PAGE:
Salt graduate Galen Koch hosts “POV,” a podcast from Portland Ovations. Courtesy of Portland Ovations.

Congolese playwright Toto Kisaku was supposed to perform in Portland in the middle of April in a program presented by Portland Ovations. The show was postponed until 2021 because of the coronavirus, but Galen Koch, the host of a new Portland Ovations podcast, “POV,” got Kisaku on the phone to talk about what audiences are missing and what they can expect next year. Koch will feature him in the next episode, which will be ready later this month.

Toto Kisaku in performance of “Requiem for an Electric Chair.” He will talk about the show he could not perform in Portland on an upcoming Portland Ovations’ podcast. Courtesy of Portland Ovations

“Toto has a moving and pretty intense story about coming to America, and he speaks passionately about why he makes the theater he makes,” Koch said, previewing the episode. “Even though the performance can’t happen at this time, we still want to tell his story.”

Kisaku tells a story of resilience and perseverance in “Requiem for an Electric Chair,” a solo piece that he has performed around the world. He was scheduled to perform April 16 at John Ford Theater at Portland High School.

Koch is a 2014 Salt graduate and is most familiar to audiences for her work on The First Coast, a Kindling Fund-supported mobile sound studio and exhibition that collects and tells stories in Maine’s year-round coastal communities. Like a lot of other artists, Koch lost part of her gig when the coronavirus hit. Her next installment of The First Coast project was supposed to happen this month in Jonesport but was canceled. That’s given her time to focus on the podcast.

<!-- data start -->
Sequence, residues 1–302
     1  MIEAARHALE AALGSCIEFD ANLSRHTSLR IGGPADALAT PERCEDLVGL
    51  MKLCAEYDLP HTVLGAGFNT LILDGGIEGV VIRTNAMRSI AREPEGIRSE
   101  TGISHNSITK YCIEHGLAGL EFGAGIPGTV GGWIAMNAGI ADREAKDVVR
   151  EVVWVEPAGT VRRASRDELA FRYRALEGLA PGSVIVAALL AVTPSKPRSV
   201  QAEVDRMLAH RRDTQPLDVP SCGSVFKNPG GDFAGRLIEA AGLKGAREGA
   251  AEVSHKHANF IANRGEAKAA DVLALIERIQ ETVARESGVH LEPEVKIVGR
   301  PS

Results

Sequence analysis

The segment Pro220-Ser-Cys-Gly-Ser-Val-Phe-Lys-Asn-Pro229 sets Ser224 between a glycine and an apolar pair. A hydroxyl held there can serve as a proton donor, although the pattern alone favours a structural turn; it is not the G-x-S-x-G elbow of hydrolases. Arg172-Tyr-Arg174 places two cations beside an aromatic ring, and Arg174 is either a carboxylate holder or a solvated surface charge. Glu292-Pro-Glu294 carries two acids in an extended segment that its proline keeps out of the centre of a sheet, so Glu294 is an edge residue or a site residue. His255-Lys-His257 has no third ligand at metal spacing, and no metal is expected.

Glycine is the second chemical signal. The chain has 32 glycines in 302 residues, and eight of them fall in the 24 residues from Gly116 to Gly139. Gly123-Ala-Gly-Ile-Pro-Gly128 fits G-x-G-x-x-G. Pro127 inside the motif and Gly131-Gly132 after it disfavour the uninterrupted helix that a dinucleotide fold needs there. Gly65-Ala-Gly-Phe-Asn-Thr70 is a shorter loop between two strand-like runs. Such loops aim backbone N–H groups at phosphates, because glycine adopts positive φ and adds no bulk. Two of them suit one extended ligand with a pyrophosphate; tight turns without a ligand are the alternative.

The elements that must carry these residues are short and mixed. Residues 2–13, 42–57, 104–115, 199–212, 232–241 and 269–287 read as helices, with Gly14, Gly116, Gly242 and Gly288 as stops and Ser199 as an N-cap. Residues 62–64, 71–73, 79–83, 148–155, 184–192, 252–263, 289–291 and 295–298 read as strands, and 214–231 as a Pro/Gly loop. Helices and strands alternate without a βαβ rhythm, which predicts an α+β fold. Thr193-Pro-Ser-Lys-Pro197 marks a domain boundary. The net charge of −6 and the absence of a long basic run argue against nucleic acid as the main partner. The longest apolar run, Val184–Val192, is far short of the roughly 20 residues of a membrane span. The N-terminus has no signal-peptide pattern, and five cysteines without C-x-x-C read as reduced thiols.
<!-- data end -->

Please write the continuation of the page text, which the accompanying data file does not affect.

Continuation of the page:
Portland Ovations began the podcast this fall as pilot project to provide access to programs to people in different places and in different ways. The first episode was about Maine’s queer history, pegged to Taylor Mac’s season-opening performance, and Episode 2 was about Sara Juli’s premiere of “Burnt-Out Wife.”

A grant from the Maine Humanities Council enabled it to expand into a full season. With the coronavirus shutting things down, the podcast offers an important point of connection, said Linda Nelson, Ovations’ deputy director. “People are hungry for connections, and a podcast is one way we can do it,” she said. “While we are sad not to be able to share Toto as an artist in person, we are grateful to have this new opportunity to work with him creatively and to spread his story to our communities.”

In the podcast, Koch will use Kisaku’s immigration story to discuss the landscape of immigration in Maine and relate his story as an immigrant artist to similar stories in Portland.

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